page 193

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Title (1849-1851) The State of Deseret - Appendix: Constitution and Ordinances (1849-1851)
Subject Law; Legislation--Utah
Description (1849-1851) Collected by Dale L. Morgan, these were published as an appendix to The State of Deseret, 8 Utah Hist. Q. 155-233 (1940), and later reprinted in THE STATE OF DESERET (Logan, Utah: Utah State University Press with the Utah Historical Society, 1987). In 1849 a constitution was drafted for a provisional government organized under the name "State of Deseret." Its legislature met on several occasions from July 2, 1849 until March 28, 1851, when it was dissolved upon announcement of the federal act to establish a territorial government (the "Organic Act").
Publisher Utah State Historical Society
Contributors Morgan, Dale R.
Date 1947
Type Text
Format image/jpeg
Digitization Specifications Photocopies scanned with an Epson Expression 1640 XL flatbed scanner and saved as 400 ppi uncompressed TIFF's. Display JPEG's created in PhotoshopCS at 800 x 1125 ppi.
Source Utah Historical Quarterly Volume 8 Numbers 23-24
Language eng
Rights Management Digital image copyright 2005, S.J. Quinney College of Law. All rights reserved.
Holding Institution S.J. Quinney College of Law, The University of Utah, South 1400 East, Salt Lake City, UT 84112-0730.
Source Physical Dimensions 15 cm x 2 cm
Metadata Cataloger Kelly Taylor
Scanning Technician Amanda Wilson; Jan Robertson
ARK ark:/87278/s6zw1mpz
Setname uu_law_uschs
Date Created 2005-12-05
Date Modified 2012-06-05
ID 719739
Reference URL https://collections.lib.utah.edu/ark:/87278/s6zw1mpz

Page Metadata

Title page 193
Description The State of Deseret 193 and liable to terminate in litigation. General laws, specific in their nature, should be passed upon the subject, at as early a day as practicable. The Bath House, near the Warm Springs, is now completed, and will, it is confidently believed, ere long, become a source of revenue to the state. It is highly desirable that the capitalists of this state should introduce machinery for the manufacturing of all kinds of machinery, that will hereafter be wanted for factories, &c, also stoves, and other articles of heavy exportation should be manufactured by our own enterprize and industry. Incalculable benefits would result to this community, if they would engage in almost every kind of manufacture, not only iron, but paper, books, woollen cloth, leather, crockery, stone-ware, and sugar. Upon this last named article I will submit a single estimate for your consideration. Not more than twenty thousand persons would use 456,250 pounds, allowing only one ounce a day to each person; the expense of the transportation alone, at the low rate of ten cents a pound, would amount to $45,625; a sum adequate to construct the most extensive sugar manufactory; and when considered in connection with the superior quality of the beet, and facility with which it can be raised in these valleys, renders it most suicidal policy for us to be dependent upon other than our own resources for that article. In the neighborhood of what has usually been termed Little Salt Lake (now Iron county,) our exploring party of last winter, discovered inexhaustible beds of the very best of iron ore. A settlement is now being made at that point. There is no doubt but that the demand and price consequent upon the distance of any successful competition, will prove sufficient inducement for the capitalists to invest their means, in whatever will necessarily prove a safe investment and ensure an abundant return; any and all kinds of encouragement, by throwing around them an energetic and efficient government, should unquestionably be given. It is wisdom to let capital be associated in infant settlements, because there is a necessity for it, for a time; but to lay the foundation for monied capitalists to monopolize against labor, is no part of my policy, politics, or religion. To encourage enterprise in constructing works of magnitude, it may be well to grant privileges; but they should be so guarded, as to be made amenable to the power granting them, at all times, for the abuse of the powers granted, or diverting them to any other object than the one designed. From this city, a railroad will most probably be constructed to Iron county, as also continuously to Southern California, terminating at San Diego. Whatever encouragement you may find it in your power to extend to an object so full of interest to our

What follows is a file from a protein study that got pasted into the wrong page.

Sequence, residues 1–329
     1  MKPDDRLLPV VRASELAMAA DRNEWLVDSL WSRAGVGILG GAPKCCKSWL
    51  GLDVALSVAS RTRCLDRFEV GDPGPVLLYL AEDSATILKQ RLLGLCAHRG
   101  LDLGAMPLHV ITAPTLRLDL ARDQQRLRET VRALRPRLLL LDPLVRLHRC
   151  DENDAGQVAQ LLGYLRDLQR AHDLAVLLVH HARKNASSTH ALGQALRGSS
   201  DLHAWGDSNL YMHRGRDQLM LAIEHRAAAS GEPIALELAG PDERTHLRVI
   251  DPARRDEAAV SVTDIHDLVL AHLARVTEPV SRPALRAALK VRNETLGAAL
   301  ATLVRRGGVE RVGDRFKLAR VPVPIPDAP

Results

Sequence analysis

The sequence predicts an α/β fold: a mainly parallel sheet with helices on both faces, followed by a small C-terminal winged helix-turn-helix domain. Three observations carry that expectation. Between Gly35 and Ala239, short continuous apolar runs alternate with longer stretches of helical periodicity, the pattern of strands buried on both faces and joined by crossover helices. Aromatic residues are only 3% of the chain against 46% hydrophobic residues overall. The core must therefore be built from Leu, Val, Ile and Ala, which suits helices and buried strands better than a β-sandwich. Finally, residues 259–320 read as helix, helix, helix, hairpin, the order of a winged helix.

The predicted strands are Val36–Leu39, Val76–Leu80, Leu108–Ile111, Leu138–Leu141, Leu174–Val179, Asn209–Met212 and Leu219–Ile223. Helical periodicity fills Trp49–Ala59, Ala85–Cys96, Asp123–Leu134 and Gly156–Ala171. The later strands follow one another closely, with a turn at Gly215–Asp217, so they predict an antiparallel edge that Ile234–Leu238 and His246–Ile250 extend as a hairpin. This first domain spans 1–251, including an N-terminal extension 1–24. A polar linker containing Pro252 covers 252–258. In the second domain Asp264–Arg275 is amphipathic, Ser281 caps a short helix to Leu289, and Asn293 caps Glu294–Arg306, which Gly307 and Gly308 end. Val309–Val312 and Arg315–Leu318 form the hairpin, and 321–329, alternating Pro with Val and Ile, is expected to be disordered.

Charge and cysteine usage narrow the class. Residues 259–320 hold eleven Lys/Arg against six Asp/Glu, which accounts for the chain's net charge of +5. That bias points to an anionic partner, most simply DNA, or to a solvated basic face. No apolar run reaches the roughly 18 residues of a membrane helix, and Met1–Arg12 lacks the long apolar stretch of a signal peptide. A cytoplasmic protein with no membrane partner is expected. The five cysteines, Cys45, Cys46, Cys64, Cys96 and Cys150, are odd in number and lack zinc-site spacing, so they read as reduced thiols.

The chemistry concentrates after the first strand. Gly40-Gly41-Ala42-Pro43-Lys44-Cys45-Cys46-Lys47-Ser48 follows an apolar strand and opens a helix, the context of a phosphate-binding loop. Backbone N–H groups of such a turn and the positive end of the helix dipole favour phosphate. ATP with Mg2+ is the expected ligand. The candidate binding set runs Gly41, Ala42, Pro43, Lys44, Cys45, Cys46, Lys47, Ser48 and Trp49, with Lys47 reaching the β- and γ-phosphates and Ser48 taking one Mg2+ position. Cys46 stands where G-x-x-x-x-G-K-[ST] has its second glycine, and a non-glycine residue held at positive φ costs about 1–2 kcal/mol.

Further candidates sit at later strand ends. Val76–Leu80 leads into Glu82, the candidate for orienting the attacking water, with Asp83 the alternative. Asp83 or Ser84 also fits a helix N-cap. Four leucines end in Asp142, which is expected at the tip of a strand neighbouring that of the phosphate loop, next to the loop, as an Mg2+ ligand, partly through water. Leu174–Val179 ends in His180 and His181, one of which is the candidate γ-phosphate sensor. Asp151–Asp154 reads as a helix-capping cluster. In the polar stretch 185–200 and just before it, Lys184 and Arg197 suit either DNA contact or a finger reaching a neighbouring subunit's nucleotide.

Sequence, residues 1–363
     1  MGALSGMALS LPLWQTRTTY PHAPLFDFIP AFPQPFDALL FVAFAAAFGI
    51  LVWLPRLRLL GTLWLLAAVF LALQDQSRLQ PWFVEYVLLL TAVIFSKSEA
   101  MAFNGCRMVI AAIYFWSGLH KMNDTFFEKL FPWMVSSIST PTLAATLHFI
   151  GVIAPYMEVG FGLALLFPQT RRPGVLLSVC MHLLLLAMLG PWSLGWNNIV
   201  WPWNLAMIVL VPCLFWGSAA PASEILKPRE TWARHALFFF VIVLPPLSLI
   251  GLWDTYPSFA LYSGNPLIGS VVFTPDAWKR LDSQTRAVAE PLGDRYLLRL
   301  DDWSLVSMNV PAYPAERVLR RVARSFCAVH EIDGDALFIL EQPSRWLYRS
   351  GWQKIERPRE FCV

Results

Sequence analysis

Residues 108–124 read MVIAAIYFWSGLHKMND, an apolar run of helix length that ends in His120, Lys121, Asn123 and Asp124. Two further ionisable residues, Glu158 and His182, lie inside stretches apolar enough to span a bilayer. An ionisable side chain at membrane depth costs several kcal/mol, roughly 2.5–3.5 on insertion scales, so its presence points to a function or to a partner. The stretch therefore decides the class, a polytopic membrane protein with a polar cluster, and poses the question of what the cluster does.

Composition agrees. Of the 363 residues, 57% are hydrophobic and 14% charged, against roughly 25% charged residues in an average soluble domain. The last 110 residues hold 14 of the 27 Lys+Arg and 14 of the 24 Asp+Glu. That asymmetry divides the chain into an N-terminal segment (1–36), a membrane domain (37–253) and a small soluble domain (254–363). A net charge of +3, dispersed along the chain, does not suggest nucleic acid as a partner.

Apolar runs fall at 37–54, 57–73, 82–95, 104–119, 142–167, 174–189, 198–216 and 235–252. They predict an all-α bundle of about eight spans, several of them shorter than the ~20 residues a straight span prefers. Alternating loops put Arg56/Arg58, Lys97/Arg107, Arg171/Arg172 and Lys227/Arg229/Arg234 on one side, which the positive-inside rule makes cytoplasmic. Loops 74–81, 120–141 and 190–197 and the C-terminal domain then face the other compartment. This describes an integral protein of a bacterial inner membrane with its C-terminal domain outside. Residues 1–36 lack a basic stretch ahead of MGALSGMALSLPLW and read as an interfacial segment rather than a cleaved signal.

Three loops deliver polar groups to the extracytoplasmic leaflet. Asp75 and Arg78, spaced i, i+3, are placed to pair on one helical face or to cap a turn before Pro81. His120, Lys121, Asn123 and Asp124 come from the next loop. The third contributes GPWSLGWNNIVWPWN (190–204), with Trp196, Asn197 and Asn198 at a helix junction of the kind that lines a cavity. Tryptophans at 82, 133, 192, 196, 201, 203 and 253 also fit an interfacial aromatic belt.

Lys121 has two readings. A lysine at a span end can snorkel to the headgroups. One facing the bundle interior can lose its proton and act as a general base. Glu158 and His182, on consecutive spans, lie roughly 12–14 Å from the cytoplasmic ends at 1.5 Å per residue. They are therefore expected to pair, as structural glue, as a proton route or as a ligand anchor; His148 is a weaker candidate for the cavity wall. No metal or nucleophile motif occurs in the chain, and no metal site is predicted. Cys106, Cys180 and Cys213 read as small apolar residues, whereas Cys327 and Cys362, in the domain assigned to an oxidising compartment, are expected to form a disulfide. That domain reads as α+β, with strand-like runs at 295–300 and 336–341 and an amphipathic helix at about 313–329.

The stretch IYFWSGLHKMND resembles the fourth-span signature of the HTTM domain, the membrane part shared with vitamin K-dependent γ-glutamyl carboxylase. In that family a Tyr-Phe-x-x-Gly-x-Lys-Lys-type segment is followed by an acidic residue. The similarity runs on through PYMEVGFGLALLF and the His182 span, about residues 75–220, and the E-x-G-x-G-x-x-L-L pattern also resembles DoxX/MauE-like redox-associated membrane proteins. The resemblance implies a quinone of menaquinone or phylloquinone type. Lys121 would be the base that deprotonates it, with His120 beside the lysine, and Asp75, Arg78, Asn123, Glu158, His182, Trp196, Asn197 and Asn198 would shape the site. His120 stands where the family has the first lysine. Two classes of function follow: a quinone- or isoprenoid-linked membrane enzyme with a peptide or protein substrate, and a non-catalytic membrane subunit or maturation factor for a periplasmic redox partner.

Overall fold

Format image/jpeg
Identifier 041_page 193.jpg
Source Original Journal: Utah Historical Quarterly The State of Deseret
Setname uu_law_uschs
Date Created 2005-12-05
Date Modified 2005-12-05
ID 719681
Reference URL https://collections.lib.utah.edu/ark:/87278/s6zw1mpz/719681